The objective of the Introduction is to provide evidence that justifies the hypotheses.
Each section of the Introduction builds on previous understanding. The first section of the Introduction builds a common understanding with the readers: a reasonable argument that the research is important. The second section of the Introduction builds positive arguments on the foundation of the shared understanding of importance. By identifying an unknown aspect of the important topic, the second section identifies a "gap" in understanding. The third section of the Introduction uses the gap in understanding to make a specific proposal to make a clear discovery about the important topic.
The third section of the Introduction involves three steps:
1) Clearly stating the overall goal or objective of the study. 2) Explaining how testing the General Hypotheses achieves the identified goal. 3) Explaining how the General Hypotheses lead to specific predictions (Measurable Hypotheses).
1) Clearly stating the overall goal or objective of the study.
The third section of an Introduction typically begins by stating the overall goal or objective for the proposed research. The research objective is the "deliverable" of the research project: the specific, important finding that readers can expect to take from the paper.
Research objectives can be written in different ways. One way to write a research objective is declaratively. For example, "Our objective is to determine the movement strategies used to maintain dynamic balance during walking in the elderly." The deliverable is a set of movement strategies used by the elderly.
In some contexts, research objectives can be posed as a question. For example, "Our research seeks to address the question: do elderly individuals use the same strategies to maintain dynamic balance as young individuals do?" The deliverable is the answer (yes or no) to the question of whether young and elderly use the same movement strategies.
Statements of research goals/objectives are typically one sentence long. However posed, clear and specific research goals are important touchstones for readers to understand the motivation for the study.
2) Explaining how testing the General Hypotheses achieves the identified goal.
Once a goal/objective of the study has been identified, a reasonable next step is to explain how testing the General Hypothesesachieve the goal.
An explanation is typically more than simply stating the General Hypotheses. Instead, the General Hypotheses are the conclusions of reasoned arguments with the goal of the study as the first premise. For example:
PREMISE 1: Our objective is to determine the movement strategies used to maintain dynamic balance during walking in the elderly.
PREMISE 2: Movement strategies for dynamic balance affect range of motion, movement variability, and responses to perturbations (The second section of the Introduction, identifying the gap in understanding, defends Premise 2).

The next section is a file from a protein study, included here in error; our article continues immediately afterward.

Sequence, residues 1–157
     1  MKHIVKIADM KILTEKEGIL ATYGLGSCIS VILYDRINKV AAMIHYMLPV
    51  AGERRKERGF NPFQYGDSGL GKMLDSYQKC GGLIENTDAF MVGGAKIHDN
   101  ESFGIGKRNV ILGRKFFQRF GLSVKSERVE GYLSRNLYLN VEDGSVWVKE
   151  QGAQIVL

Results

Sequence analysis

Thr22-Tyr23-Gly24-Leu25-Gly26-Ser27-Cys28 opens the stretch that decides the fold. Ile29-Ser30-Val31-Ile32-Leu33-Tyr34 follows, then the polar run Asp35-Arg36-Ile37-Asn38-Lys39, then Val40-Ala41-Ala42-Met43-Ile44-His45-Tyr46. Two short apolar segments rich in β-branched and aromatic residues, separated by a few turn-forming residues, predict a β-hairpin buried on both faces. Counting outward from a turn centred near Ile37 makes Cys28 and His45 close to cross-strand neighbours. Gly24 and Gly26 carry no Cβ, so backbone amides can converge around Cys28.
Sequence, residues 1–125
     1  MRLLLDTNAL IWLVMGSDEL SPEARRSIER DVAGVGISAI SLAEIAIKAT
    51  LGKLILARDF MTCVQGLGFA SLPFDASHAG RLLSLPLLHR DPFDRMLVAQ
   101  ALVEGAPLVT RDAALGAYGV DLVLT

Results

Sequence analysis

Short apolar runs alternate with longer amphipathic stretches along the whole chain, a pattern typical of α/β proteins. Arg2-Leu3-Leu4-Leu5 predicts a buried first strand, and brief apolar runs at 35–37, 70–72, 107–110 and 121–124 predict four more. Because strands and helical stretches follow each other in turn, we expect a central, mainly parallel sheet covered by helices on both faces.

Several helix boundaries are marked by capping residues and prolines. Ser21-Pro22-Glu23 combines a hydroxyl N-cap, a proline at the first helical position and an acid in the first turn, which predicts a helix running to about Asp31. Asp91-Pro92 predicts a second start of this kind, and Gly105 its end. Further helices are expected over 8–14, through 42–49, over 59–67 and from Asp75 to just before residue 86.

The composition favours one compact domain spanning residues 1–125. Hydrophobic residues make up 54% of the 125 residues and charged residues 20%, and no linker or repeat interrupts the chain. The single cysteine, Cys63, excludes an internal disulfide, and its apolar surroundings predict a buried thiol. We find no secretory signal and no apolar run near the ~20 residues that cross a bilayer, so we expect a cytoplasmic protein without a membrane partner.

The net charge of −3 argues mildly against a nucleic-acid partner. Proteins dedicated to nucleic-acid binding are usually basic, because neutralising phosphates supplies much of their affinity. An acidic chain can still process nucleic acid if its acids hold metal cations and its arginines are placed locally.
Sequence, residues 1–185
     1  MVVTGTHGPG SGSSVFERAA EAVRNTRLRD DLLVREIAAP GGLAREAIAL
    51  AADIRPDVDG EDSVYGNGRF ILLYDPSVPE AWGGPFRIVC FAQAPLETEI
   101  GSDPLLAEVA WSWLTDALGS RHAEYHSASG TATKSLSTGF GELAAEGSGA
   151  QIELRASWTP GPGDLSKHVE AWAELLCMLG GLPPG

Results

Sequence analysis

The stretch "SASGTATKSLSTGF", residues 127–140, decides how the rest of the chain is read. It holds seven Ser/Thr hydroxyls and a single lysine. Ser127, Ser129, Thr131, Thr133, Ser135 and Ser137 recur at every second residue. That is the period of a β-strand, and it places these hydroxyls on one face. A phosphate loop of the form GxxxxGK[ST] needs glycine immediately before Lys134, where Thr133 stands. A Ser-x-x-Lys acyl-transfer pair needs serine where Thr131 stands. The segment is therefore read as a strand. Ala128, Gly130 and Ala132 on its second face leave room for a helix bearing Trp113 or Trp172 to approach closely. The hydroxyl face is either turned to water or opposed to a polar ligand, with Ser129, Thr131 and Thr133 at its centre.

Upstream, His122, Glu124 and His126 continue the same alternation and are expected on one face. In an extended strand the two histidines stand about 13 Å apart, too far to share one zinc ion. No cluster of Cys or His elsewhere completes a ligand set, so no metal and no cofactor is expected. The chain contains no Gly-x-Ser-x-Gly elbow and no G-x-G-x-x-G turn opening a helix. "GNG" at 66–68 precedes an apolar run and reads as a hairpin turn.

CONCLUSION: Therefore, we hypothesize that elderly individuals will have significantly lower range of movement, higher movement variability, and less effective responses to perturbations than young individuals.
The goal of the study (e.g. Premise 1), conclusions from previous research (e.g. Premise 2), and other constraints (e.g. existing General Hypotheses, relevant study populations, experimental capabilities and limitations, etc.) can be premises for an argument that testing the proposed General Hypotheses is the most reasonable approach to achieving the goal.
3) Explaining how the General Hypotheses lead to testable predictions (Measurable Hypotheses).
Once the Introduction has defended the General Hypotheses, the Introduction can conclude by explaining the specific Measurable Hypotheses that can be reasonably predicted from the General Hypothesis. Measurable Hypotheses do not typically require much explanation. Often, the Measurable Hypotheses for a study are the predictions from the General Hypothesis that can be tested using feasible and valid quantitative measurements. However, it remains important to explain HOW each Measurable Hypothesis represents a prediction of the General Hypothesis.
For example, if our General Hypothesis is "we hypothesize that elderly individuals will have significantly lower range of movement, higher movement variability, and less effective responses to perturbations than young individuals," then we could create three Measurable Hypotheses:
MH1: Elderly individuals will have significantly lower range of hip, knee, and ankle flexion-extension movement during moderate speed walking than young individuals.
MH2: Elderly individuals will have significantly higher movement variability of hip, knee and ankle angles during moderate speed walking than young individuals.
MH3: Elderly individuals will take significantly more time to recover from lateral waist-pulls during moderate speed walking than young individuals.
Some authors include a brief paragraph summarizing the Methods after the hypotheses (at the end of the Introduction). However, if Measurable Hypotheses are sufficiently specific, then a summary of methodology should not be necessary.
Relatively short reasoned arguments should be sufficient to explain and justify how the General Hypothesis naturally follows from the overall objective of the study. Measurable Hypotheses should be clearly identifiable as specific predictions of the General Hypothesis.